A major component of the trip, service learning, also took place in Karachi. Based on a pre-camp survey, participants were placed in one of three sites to conduct service-learning projects and further understand the complexities of the development process. Participants at Sultanabad Colony School developed an English learning curriculum focused on writing English stories about themselves. To develop public speaking skills, students presented their stories in English to classmates and were given notebooks to continue writing after the GE team departed.

“This service site was the best experience. Contributing to children and teachers was amazing. It really helped me to reshape and start to have goals,” said Eftikhar Ahmadi from Afghanistan. “Now I am full of hope.”

The participants assigned to the Aliabad Community Based School engaged in resource-allocation for the ECD sector of the school district, by using reusable handmade instruments and a handbook of activities and games teachers could conduct. Majid Mohamed, a facilitator from the UK commented that the games and activities were “put together interactively with the teachers, taking their ideas and suggestions so everybody had buy-in. It was about learning how to ask the right questions, and effectively map who the stakeholders were.”

Lastly, some participants visited Amynabad, where they worked at the VRC, a vocational school for differently-abled students.

“We created sensory boxes, lessons on fruit and cooking, and played sports,” said Aly Sherali, the Associate Managing Director of the camp.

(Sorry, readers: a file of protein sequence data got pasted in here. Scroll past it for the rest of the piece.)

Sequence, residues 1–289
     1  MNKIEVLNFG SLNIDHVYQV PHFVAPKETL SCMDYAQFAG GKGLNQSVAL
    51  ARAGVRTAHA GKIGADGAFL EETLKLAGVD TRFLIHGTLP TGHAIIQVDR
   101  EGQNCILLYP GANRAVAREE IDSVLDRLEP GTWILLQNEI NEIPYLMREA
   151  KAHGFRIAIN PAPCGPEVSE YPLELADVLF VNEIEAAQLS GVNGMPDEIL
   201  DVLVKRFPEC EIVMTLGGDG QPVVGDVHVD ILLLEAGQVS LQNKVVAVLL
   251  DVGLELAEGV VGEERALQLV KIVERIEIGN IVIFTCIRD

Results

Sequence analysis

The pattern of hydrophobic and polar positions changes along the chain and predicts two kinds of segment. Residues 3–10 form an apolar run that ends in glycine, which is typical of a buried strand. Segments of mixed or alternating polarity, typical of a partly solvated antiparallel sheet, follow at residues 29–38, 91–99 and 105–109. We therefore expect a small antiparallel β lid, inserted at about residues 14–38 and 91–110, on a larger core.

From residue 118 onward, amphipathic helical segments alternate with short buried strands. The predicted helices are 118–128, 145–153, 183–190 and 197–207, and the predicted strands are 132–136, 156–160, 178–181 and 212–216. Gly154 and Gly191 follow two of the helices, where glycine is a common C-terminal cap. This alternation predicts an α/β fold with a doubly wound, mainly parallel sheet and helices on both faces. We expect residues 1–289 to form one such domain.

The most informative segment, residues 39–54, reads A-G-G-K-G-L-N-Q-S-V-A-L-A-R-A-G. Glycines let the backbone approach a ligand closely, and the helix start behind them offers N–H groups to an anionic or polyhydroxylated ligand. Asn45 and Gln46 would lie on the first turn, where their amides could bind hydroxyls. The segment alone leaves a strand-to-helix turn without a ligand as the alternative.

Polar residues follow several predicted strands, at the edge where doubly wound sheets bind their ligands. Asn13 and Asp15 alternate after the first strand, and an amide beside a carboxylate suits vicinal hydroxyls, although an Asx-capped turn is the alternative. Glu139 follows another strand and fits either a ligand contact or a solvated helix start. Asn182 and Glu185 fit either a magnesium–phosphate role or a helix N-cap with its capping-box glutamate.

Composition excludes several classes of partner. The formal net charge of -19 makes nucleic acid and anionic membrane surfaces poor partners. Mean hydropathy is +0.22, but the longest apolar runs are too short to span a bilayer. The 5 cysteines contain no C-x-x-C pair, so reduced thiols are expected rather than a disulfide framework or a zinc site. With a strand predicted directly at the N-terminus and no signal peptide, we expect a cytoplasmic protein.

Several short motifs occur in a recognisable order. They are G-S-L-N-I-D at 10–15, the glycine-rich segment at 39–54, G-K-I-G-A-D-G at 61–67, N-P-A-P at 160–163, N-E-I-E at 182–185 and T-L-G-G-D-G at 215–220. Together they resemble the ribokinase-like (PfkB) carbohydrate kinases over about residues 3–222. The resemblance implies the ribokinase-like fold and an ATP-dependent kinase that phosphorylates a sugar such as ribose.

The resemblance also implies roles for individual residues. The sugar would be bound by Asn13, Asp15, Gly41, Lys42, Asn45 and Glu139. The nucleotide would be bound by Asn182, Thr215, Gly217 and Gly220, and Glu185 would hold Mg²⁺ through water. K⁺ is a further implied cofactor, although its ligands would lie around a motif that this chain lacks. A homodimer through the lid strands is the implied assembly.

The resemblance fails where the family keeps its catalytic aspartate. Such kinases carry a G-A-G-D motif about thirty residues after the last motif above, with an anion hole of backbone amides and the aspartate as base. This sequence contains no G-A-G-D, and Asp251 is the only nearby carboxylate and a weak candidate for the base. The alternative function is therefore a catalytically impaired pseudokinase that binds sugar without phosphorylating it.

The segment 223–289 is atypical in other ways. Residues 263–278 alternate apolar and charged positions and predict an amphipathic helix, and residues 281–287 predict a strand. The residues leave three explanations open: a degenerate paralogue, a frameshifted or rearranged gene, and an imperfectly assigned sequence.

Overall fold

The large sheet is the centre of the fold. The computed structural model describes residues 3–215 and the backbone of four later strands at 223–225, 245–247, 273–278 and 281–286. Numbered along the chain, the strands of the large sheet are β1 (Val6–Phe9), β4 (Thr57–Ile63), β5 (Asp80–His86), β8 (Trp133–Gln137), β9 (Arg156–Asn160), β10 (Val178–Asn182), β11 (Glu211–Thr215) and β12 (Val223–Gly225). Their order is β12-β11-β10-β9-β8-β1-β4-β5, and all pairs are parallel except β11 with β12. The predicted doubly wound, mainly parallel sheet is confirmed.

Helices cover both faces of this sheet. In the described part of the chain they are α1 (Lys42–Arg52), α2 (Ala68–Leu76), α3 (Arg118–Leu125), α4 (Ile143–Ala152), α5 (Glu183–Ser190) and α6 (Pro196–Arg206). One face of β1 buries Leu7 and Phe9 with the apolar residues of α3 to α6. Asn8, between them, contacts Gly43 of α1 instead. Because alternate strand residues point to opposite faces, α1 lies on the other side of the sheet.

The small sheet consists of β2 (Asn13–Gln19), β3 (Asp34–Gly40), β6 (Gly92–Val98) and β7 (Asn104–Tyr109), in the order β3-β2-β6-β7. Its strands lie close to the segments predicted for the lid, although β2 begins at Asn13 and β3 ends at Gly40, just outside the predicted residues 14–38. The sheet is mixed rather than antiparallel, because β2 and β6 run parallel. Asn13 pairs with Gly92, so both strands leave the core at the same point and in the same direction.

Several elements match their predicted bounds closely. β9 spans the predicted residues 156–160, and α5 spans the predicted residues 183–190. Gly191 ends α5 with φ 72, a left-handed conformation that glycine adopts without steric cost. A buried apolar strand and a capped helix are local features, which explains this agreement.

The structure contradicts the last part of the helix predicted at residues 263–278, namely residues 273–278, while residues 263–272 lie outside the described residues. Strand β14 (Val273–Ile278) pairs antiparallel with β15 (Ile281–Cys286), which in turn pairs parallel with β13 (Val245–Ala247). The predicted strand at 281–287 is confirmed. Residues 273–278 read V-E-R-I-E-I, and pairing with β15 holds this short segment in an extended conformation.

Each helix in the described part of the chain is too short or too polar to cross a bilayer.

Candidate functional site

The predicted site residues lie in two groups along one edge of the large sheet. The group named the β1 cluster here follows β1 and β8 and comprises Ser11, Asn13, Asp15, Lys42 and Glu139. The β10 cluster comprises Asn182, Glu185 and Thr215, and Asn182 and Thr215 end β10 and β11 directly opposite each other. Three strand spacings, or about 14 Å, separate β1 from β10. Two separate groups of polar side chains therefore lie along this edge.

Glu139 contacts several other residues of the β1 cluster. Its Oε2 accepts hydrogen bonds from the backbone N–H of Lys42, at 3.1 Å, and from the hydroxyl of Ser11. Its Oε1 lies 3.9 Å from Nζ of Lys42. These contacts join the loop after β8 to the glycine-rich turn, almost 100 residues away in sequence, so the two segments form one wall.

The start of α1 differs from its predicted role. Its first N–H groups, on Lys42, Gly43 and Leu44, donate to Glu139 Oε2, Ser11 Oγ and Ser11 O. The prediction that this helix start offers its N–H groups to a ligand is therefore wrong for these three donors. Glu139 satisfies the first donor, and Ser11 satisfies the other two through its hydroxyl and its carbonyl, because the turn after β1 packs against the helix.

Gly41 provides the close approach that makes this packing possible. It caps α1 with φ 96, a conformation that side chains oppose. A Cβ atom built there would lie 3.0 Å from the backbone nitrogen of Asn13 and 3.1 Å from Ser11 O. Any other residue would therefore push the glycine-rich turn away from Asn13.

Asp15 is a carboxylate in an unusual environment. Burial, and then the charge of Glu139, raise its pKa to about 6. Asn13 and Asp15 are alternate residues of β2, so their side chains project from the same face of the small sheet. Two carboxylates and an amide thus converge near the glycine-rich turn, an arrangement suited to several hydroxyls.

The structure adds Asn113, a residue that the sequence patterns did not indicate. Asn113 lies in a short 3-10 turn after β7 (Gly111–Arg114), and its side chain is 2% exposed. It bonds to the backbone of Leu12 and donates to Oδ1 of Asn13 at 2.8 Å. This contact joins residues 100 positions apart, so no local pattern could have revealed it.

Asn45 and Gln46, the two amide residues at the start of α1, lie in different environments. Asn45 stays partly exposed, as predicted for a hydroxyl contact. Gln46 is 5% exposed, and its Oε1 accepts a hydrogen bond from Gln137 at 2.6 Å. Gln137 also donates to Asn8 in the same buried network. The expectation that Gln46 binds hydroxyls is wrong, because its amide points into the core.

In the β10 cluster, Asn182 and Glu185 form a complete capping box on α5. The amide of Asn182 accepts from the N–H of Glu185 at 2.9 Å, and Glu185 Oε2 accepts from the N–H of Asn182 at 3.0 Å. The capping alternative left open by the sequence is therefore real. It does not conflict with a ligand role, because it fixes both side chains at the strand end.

Throughout their journey, participants were able to engage with the youth at Darkhana Jamatkhana, and meet with the President of the National Council for Pakistan and the Local Council.

Mika, a participant from Tajikistan said, “What I received was a changed mindset, awareness and respect for other cultures and a huge, loving and caring family.”

From buying local clothes and jewellery to engaging with the Chief of Staff and General Counsel at Aga Khan University, participants were exposed to the work of the Imamat first-hand.

The Global Encounters Expedition Camp in Pakistan has left imprints on its participants, who will now carry this journey and its learnings with them to become global citizens who thrive and celebrate diversity and pluralism.

Farangis Taygunshoeva from Tajikistan, the Programme Director, said she believes GE camps are about transformation.

“We are involved in this critical reshaping period of each individual. Mawlana Hazar Imam talks about diversity, pluralism, one Jamat, and global citizenship. At GE Camps, we are not only talking about these concepts, but experiencing them and witnessing the power and beauty in each activity and interaction,” Farangis said. “It creates a platform of brotherhood and sisterhood within our youth and keeps them connected as one Jamat. Also, during this programme, each individual grows so much because of the great diversity and different styles of working and reflection GE Camps invites. Globally we should bring more communities together, and learn about the Jamat’s work, life stories, challenges and successes.”